Hello DEV community! I wanted to make a post with my favorite tech talks I have given over the years. Mostly I wanted to do this because I am job searching for a developer relations role.
However, this is also a chance to share about my style and a few devices that I like to use to make my talks memorable.
In my opinion, your talk style is important because it is not possible to ensure that your audience remembers everything from your live talk. That just isn't how learning works. With this in mind, I like to incorporate certain elements/devices/ideas into my talks to help my audience remember what I am saying and engage with the ideas I am presenting. Here are a few of these devices, along with an example talk.
This example is from COVID era conference talks (it's online and was pre-recorded). This meant I had time to do a few takes, make an edit if I needed to, and utilize a zoom background.
My talk is an introduction to software security. There is nothing earth shattering here, but it is an overview of the things to consider when you are trying to make your application more secure. It is memorable however, because of how I chose to talk about these introductory topics--through the lens of detective fiction.
I love detective fiction (especially Sherlock Holmes, Hercule Poirot, and Miss Marple). I draw parallels between the genre and the security topics. Examples include: What do I know about my neighbors? and Should I trust this mysterious package?. The analogy is interesting and memorable, and helps illustrate my point.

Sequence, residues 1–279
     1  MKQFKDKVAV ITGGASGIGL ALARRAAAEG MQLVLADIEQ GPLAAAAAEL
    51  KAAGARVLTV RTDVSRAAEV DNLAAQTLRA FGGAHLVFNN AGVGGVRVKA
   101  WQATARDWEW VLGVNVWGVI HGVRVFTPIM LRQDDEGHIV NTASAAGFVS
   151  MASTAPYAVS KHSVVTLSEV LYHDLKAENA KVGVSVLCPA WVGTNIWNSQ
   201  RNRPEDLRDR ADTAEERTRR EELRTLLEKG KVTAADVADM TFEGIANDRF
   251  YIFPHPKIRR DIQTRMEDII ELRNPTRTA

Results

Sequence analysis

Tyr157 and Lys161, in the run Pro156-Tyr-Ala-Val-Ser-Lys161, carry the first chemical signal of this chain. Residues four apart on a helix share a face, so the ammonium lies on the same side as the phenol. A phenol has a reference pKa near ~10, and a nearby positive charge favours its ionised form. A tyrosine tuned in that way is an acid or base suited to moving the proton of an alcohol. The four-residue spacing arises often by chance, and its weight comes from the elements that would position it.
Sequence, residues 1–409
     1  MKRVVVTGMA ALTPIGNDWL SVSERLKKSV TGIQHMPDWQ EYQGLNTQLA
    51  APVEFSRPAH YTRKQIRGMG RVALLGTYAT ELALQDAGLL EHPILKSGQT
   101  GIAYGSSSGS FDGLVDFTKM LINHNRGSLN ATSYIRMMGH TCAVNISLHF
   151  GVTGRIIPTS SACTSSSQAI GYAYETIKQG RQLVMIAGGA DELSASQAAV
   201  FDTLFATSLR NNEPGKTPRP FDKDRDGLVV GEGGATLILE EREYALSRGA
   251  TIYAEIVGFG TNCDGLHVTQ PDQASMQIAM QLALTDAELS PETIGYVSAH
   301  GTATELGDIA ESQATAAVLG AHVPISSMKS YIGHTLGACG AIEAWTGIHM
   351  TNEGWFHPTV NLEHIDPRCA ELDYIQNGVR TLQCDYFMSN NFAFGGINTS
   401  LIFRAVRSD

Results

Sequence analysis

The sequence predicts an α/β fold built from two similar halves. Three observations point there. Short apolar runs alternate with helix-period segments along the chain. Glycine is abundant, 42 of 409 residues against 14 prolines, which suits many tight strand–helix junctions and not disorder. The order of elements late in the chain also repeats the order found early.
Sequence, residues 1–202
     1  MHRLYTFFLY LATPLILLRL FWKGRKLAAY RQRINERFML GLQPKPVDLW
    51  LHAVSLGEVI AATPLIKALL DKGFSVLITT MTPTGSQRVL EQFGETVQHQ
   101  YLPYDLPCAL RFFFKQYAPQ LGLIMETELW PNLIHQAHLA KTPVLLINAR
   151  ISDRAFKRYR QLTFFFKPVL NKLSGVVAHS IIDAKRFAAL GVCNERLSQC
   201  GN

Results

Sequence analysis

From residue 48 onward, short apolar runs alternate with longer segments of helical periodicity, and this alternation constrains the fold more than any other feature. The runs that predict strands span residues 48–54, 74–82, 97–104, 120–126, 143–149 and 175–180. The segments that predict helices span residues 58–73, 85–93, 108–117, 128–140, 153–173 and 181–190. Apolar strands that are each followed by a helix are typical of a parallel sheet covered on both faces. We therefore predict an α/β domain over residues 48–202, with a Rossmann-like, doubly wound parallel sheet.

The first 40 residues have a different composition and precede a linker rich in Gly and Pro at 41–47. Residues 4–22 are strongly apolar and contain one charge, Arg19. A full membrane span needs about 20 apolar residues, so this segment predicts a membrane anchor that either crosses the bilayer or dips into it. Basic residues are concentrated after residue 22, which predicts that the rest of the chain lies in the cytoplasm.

You might just have fun, even if you aren't new to security.
I gave this talk a half dozen times between 2018-2019. The premise? I am giving a post-mortem account of the failures of Jurassic Park (and talking about engineering ethics and chaos engineering along the way).
The first time I gave this talk I hesitated over whether I should fully commit (pretend this is all real and that I was hired by Ingen as a consultant). Basically, I wondered if I should be in character. It seemed too weird and risky. But I took the extra step and committed to the premise. The result was a talk that people still reach out to me to tell me that they loved.
I promise, you won't die because you added passion or commitment to your talk. It may not land 100%, but chances are good that you will end up with a talk that is remembered.
I think technical talks can get bogged down in the details. That isn't to say that details aren't important, rather that not every detail will be retained. Focus on your story, and share your notes/slides for the details.
Draft out your narrative arc. What is the journey you want your audience to take?
I love to add some whimsy to my talks (why not?) and will sometimes make up a story in case it helps demonstrate my larger point. (These are never presented as real, but as narratives to help the audience understand.) I have included an example below:
The following talk is one of my first talks. One of the reasons it is still one of my favorites is that it is a talk that was unique to my background and experience.
I also liked it because it uses a memory hook. A memory hook is a sensory description that helps your audience remember your talk because it is almost like they experienced what you described themselves. In this video, the memory hook is set up towards the beginning and comes back into the talk at the end.
This is how I like to do tech talks, but there are many valid and interesting ways to tell your story. If this style isn't for you, that is 100% ok. The most important thing is to be yourself and talk about something you think is interesting. If you do that, you're golden.
"Microphone" by visual.dichotomy is licensed with CC BY 2.0.